“It used to be, as you know, ‘It’s just a ding.’ Those days are long gone and that's a positive thing for our game,” Goodell said.

Goodell, who has two daughters, said he would encourage a son to play the sport because of the "tremendous values" that come from playing football.

"I would not only want him to play football, I would certainly encourage him to do it and I would let him do it," he said. “There is risk involved in anything in life but what we need to do is to make sure we show people how to get the most out of playing sports and do it safely.”

This week, as buzz for Sunday’s Super Bowl was building, it was announced that former Oakland Raiders quarterback Ken Stabler, who died last year, also suffered from the effects of chronic traumatic encephalopathy, or CTE.

The issue of CTE has also been put in the public spotlight with the Will Smith-starring movie Concussion. Goodell says the league is now “leading the way” in protecting its players and investing in research.

“If I had known that I could have we could have done things different we could have made more changes but the league has a history of changing the game,” he said. “We're over 100 million dollars in research going not just to make football safer, this is going to make all sports safer, the military safer, and quite frankly will probably have an impact on brain disease in general.”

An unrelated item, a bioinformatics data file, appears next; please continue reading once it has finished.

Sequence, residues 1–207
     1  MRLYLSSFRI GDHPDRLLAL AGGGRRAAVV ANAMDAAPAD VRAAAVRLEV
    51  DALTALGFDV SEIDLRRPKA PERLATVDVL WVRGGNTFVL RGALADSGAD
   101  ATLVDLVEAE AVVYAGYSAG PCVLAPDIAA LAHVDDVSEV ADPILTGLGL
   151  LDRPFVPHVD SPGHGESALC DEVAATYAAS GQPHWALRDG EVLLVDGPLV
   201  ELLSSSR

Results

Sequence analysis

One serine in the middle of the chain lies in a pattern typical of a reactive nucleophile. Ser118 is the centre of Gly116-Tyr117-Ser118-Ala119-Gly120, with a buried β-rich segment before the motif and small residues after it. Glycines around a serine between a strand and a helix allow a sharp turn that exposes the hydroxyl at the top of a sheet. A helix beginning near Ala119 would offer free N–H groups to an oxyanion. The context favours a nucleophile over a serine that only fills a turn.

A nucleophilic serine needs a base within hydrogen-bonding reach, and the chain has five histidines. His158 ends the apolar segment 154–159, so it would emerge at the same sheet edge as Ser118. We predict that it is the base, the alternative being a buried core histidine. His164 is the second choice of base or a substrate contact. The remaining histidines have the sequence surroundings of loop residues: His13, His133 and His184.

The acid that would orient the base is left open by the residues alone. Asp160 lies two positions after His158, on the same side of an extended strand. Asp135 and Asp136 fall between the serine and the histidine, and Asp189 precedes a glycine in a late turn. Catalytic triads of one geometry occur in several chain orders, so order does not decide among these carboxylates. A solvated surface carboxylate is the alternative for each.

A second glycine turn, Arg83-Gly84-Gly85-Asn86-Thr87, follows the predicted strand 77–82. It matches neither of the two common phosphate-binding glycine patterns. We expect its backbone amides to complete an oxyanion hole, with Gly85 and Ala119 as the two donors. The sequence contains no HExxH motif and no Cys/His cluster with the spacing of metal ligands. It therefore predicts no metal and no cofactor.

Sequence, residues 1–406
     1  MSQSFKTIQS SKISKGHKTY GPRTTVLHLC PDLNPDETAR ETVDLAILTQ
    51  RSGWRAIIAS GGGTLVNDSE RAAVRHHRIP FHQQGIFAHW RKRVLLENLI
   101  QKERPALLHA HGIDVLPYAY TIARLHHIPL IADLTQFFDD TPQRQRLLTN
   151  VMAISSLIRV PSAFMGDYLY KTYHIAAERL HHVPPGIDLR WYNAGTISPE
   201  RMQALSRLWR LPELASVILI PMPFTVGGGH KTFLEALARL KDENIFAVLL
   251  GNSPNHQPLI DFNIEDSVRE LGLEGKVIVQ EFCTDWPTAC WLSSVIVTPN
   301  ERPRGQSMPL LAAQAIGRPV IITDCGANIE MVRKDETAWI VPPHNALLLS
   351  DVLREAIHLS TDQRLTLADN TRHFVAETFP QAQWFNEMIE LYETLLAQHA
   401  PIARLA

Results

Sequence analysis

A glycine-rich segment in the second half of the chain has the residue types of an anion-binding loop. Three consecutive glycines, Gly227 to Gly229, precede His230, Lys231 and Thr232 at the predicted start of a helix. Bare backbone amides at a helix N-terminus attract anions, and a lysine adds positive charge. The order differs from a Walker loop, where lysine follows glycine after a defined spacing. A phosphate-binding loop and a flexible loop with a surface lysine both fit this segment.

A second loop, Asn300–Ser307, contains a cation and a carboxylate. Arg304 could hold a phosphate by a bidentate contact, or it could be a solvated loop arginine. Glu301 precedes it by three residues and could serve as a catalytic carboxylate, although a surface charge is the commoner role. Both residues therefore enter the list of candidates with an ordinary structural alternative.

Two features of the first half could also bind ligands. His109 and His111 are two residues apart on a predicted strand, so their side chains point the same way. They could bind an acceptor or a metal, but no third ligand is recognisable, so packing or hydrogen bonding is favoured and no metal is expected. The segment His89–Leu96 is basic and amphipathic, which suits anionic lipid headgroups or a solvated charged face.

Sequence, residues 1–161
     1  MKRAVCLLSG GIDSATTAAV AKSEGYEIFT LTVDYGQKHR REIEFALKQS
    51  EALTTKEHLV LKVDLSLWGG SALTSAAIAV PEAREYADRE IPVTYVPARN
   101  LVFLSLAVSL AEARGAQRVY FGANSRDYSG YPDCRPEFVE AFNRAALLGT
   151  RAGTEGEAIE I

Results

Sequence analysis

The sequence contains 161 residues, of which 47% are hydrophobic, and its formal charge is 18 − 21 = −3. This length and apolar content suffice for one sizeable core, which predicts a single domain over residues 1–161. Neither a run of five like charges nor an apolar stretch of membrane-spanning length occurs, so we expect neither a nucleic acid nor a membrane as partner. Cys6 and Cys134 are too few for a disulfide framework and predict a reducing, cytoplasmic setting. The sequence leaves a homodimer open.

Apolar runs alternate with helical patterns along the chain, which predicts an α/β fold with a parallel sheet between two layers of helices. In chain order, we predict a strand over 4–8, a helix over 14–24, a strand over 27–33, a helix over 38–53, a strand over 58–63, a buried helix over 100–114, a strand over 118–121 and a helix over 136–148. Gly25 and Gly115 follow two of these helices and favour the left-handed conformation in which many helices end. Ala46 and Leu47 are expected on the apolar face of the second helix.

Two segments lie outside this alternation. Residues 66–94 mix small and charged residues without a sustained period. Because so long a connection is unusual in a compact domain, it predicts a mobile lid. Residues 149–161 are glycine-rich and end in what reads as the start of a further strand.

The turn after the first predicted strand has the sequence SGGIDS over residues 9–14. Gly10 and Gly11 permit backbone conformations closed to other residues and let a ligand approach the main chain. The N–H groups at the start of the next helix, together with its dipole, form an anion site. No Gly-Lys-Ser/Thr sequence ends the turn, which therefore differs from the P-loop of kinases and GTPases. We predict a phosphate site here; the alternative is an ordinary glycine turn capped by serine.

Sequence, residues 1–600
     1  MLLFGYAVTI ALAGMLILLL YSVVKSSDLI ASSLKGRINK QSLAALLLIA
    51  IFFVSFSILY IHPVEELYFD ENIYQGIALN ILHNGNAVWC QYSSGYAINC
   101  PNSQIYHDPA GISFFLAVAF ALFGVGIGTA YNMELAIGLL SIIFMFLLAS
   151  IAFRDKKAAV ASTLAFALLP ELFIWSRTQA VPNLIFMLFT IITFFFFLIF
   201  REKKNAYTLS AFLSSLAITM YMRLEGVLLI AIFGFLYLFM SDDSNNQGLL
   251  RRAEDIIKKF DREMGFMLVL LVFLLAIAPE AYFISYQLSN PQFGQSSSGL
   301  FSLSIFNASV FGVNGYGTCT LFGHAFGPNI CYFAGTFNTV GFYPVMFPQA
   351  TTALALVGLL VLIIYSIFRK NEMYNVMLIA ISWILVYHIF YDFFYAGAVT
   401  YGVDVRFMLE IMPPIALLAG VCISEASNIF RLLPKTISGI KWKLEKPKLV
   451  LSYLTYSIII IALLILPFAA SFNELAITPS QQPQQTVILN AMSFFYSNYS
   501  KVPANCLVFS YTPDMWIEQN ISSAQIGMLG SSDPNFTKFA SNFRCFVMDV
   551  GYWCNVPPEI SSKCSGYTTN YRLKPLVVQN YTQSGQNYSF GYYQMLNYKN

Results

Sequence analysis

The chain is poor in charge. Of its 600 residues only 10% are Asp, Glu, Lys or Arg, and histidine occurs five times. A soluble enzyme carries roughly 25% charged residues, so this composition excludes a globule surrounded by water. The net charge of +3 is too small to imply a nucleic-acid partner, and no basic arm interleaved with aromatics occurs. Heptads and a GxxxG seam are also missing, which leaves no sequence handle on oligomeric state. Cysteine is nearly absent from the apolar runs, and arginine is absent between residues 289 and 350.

Goodell has also navigated the NFL in recent years through a series of high-profile domestic violence charges against some players, an issue Goodell says the league is addressing.

“When our policies haven't met the types of standards that we think should be upheld, we acknowledge that [and] in the domestic violence, and sexual assault area, we changed that,” Goodell said. “In this past 12 month cycle, we had the lowest amount of arrests in the history of the NFL.”

Super Bowl 50 will be played on Sunday at Levi's Stadium with the Carolina Panthers facing the Denver Broncos. Goodell sat down with Roberts Thursday in the San Francisco area just after attending the NFL’s first-ever “Women’s Summit.”

The commissioner announced Thursday the league will institute a “Rooney Rule” for women, meaning NFL teams will be required to interview women for executive positions.

The rule has previously been applied to minorities and the NFL now has five African-American coaches and one Latino coach, the Panthers Ron Rivera, who led his team to the Super Bowl this year.

“We want to make sure that when we have an opening we're making sure we not only have a diverse slate of candidates but we also have women we believe can do this job and give them the opportunity,” Goodell said. “I always think diversity is still an issue we're not finished we're not done and so much of what we do is incomplete so we're going to continue to make progress here.”